Stripe is a well-known innovator in digital payments. They attacked one of the most intimidating and locked-down markets, and made it look like child’s play. They have a compounding competitive edge in processing payments more efficiently for their customers, and the best-crafted APIs in the entire industry. Stripe is admired on these grounds, and more: they have their own press, in line with their thoughtful, public intellectual staff.
Stripe’s mission is to increase the GDP of the internet. As part of that mission, one of their many products is Atlas, a service that allows entrepreneurs from around the world to incorporate Delaware LLCs and C-Corporations.
I believe that Atlas is core to Stripe becoming a $100B+ company.1 But what’s so special about an incorporation service? Hundreds of thousands of companies get incorporated every year, and there are plenty of online incorporation services already.
For a start, Atlas is much better than its competitors. Though this might at first look like a well-commoditized market, it is not at all. Services like LegalZoom, CooleyGo, etc. offer a smaller set of incorporation options and a lower quality of legal formation documents. Meanwhile, Atlas is as good as having an Orrick lawyer do the job, while being an online form a tenth of that price. Even a cheap lawyer is still twice as expensive for the job. Plus, Atlas is unique in that it services international entrepreneurs!
That being said, even being the best incorporation service in the world might be worth at most a few billion dollars. The exceptional value in Atlas is in the lock-in it enables for B2B services added on top.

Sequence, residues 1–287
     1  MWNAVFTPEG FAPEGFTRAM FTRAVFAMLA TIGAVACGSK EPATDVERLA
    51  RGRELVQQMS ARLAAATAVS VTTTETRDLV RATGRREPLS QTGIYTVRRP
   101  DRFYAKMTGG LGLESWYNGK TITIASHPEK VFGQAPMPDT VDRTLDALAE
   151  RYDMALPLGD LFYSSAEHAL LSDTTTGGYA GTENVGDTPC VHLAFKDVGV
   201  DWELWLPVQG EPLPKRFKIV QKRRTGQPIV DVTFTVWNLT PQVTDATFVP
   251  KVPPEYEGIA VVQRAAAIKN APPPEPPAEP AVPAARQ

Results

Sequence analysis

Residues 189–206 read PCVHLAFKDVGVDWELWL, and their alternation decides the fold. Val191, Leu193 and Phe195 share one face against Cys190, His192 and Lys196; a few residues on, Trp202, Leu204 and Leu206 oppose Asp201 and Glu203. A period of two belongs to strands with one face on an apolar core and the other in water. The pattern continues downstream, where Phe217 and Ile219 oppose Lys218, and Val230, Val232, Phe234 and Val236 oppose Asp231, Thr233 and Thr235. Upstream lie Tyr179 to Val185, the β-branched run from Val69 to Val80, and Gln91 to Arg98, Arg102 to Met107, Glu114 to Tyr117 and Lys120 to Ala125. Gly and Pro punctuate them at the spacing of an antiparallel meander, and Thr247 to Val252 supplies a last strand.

The biggest challenge of B2B services is customer acquisition. How do you win over enterprise clients when existing relationships are so sticky? The current dominant strategy is to be the first one there. Start working with a company at the earliest stages, in order to make actual money off them a few years down the line, when they’re much bigger and need more expensive services. This strategy is everywhere: AWS extends credits to lock the earliest startups into their cloud platform. Brex advertises specifically to seed-stage startups, but they only start to really make money when those startups are Series-C companies.
Atlas is the ultimate player in that strategy. There’s no earlier stage to get involved than at incorporation. Stripe is already using Atlas in the obvious way: companies incorporated with Atlas automatically have a Stripe account, and can get automatically get a Silicon Valley Bank account2 set up so they can start processing payments, via Stripe, immediately. That’s extremely powerful lead-gen. But the potential for Atlas is much greater yet: Atlas could automatically set up the company with a corporate credit card, and all the required insurance. It could set a customer up with a password manager, a virtual mail address, accounting, and so on. Each of these are multi-billion-dollar markets.
The endgame for Stripe Atlas is that it offers a business in a box, and in turn it determines the B2B service3 spend of such a business in perpetuity. This is staggeringly powerful: first, it demolishes barriers to entry for new entrepreneurs, handling all the tedious operational setup items, so the entrepreneur can focus 100% on building a great product. This is a real social good, for entrepreneurs and their customers around the entire globe. Second, it puts up massive barriers to entry for competing service providers: things like credit cards, insurance, accounting, virtual mail, etc. all have low churn. Once a company launches with Atlas, a random accounting service provider would effectively be forever locked out from getting that company as a customer. Atlas reigns as gatekeeper supreme. For an infrastructure company, owning the point at which customers otherwise start to choose their infrastructure is a position of unparalleled competitive strength.
Disclosure: I am not an employee of Stripe, paid by Stripe, and do not currently have any financial interest in Stripe.